In a fast-moving global environment, the ability to produce improved planting material suited to different and changing agricultural conditions, and to new requirements, is an absolute priority. Genetic improvement is also a true scientific challenge. Genomics, information technology and mathematical modelling are opening up new avenues for studying the relations between genetic diversity, agronomic performance and response to selection. Establishing relevant partnerships is a challenge in itself. The AGAP unit encompasses a wide range of skills and is a leading platform for applied plant biology and genetics.

Cocotier
Olivier
Agrumes corses
VL hyb 180 et variété locale.
Soleil racinaire. Radicule cultivée en hydroponie sur milieu 1/10 MS. © Cirad, M. Auzon-Cape.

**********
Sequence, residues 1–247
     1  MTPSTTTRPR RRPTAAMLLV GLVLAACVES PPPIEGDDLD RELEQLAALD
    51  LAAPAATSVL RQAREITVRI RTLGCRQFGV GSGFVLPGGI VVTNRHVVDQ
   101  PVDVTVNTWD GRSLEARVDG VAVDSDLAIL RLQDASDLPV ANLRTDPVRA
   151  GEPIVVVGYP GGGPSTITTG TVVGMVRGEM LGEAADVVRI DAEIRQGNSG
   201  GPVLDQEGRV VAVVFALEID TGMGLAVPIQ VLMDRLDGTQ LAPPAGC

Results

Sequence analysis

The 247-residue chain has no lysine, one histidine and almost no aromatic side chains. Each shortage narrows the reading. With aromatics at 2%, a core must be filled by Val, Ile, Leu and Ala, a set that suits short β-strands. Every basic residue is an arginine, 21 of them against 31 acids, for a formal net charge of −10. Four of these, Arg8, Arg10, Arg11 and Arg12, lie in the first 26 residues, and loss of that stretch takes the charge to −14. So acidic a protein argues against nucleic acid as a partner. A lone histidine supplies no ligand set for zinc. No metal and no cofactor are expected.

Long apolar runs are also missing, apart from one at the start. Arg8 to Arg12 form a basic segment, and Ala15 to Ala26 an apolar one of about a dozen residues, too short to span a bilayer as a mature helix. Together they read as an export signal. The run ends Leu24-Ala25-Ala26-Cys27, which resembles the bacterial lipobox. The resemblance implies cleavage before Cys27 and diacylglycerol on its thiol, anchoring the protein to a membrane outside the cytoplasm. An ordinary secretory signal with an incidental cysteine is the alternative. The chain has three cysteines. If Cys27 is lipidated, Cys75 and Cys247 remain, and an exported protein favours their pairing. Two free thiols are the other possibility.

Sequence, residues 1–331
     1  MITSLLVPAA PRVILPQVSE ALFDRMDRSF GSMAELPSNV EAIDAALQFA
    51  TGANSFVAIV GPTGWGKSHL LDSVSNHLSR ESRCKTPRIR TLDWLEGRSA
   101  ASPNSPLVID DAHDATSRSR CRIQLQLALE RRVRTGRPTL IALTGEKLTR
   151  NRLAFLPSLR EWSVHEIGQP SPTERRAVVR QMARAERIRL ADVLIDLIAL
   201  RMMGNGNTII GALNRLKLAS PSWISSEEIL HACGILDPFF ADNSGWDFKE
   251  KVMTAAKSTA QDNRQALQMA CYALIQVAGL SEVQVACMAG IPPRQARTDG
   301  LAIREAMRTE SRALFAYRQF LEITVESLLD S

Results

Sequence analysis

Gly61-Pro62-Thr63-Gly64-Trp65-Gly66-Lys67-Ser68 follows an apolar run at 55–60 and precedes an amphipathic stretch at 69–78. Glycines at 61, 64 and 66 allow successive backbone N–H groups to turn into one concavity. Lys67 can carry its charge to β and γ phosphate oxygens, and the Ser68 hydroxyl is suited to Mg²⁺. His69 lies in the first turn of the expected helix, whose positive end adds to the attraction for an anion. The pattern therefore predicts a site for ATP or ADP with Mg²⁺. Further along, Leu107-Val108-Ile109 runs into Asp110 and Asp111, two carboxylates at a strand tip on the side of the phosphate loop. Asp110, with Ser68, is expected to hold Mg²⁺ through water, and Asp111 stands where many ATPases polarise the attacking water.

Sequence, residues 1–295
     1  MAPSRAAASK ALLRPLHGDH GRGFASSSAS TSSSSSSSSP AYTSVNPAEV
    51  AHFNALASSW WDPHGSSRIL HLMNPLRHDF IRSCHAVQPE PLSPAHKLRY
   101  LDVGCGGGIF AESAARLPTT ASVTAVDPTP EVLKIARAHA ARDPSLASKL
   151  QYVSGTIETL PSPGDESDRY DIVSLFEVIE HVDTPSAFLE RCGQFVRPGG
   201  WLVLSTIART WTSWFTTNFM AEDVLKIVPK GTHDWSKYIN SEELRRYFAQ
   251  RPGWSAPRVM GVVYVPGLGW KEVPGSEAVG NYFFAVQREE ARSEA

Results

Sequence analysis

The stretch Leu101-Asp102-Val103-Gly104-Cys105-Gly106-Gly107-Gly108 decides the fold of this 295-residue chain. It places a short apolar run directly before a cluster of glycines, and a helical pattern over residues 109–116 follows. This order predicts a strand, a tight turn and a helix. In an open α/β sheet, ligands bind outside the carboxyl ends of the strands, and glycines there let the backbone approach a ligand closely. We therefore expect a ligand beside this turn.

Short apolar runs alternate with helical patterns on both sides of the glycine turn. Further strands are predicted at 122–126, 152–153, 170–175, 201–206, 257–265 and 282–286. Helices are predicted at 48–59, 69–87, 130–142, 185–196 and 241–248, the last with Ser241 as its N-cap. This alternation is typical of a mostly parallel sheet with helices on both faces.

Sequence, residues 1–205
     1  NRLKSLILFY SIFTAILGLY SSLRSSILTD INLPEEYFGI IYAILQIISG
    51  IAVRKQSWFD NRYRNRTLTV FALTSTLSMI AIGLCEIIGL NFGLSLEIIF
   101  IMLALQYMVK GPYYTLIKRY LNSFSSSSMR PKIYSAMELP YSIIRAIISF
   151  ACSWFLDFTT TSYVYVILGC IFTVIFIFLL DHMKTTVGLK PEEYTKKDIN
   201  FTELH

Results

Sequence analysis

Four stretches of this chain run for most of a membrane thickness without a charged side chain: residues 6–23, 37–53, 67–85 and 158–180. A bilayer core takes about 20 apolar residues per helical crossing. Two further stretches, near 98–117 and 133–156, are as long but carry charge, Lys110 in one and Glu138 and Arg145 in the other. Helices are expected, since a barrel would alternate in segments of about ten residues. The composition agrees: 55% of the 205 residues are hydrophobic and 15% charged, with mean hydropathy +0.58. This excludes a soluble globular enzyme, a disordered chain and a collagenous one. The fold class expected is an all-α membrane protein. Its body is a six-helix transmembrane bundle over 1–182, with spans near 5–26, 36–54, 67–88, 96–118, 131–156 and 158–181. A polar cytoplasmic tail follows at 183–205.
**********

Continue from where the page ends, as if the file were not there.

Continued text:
Diverses espèces de Vitis sp. à l'automne. © Cirad.T. Lacombe
Nain Rouge Cameroun. © Cirad, L. Baudouin
Plantation d'eucalyptus Exploitation du bois. © Cirad, D. Louppe
Hévéa, variété clonale GT1. © Cirad, A. Clément-Demange
Inflorescence du bananier “Pahang” qui a été utilisé pour produire la séquence de référence. © Cirad, A. D'Hont
Blé

Thirteen research teams are working on tropical and Mediterranean crops (rice, wheat, sorghum, sugarcane, banana, coconut, oil palm, yam, coffee, rubber, cacao, cotton, apple, grapevine, olive, forest species, eucalyptus, etc.), covering a very broad range of biological characteristics and uses by farmers. The unit is backed up by biological resources centres and technological platforms.

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